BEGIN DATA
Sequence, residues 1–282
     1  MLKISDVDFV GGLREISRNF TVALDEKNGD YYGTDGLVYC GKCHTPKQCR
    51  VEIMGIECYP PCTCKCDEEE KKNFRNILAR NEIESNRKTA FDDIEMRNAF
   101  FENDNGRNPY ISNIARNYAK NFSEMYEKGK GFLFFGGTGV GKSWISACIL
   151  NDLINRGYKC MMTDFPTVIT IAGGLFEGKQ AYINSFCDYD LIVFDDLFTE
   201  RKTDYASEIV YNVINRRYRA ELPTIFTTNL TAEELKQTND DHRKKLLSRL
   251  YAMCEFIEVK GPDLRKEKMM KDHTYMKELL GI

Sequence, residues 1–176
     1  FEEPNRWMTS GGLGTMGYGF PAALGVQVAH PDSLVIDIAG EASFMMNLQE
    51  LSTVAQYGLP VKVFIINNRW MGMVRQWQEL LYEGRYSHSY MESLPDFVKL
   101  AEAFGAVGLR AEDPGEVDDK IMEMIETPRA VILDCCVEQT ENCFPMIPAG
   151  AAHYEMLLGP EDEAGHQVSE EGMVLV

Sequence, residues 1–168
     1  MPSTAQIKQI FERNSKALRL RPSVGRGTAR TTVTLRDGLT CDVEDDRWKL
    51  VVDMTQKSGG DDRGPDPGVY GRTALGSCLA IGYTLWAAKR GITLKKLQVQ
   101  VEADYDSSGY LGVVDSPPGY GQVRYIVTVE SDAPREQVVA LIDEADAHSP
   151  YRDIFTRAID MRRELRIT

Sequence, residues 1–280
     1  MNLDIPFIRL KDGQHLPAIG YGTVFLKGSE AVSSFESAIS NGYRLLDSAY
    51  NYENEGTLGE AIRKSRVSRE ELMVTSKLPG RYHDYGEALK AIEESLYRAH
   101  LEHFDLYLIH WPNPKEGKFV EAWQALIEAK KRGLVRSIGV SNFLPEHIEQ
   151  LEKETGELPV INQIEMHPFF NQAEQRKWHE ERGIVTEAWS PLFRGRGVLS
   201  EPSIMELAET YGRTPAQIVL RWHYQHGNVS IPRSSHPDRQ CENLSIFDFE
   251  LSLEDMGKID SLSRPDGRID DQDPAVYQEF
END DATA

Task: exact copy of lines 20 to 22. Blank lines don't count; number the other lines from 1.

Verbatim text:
    51  NYENEGTLGE AIRKSRVSRE ELMVTSKLPG RYHDYGEALK AIEESLYRAH
   101  LEHFDLYLIH WPNPKEGKFV EAWQALIEAK KRGLVRSIGV SNFLPEHIEQ
   151  LEKETGELPV INQIEMHPFF NQAEQRKWHE ERGIVTEAWS PLFRGRGVLS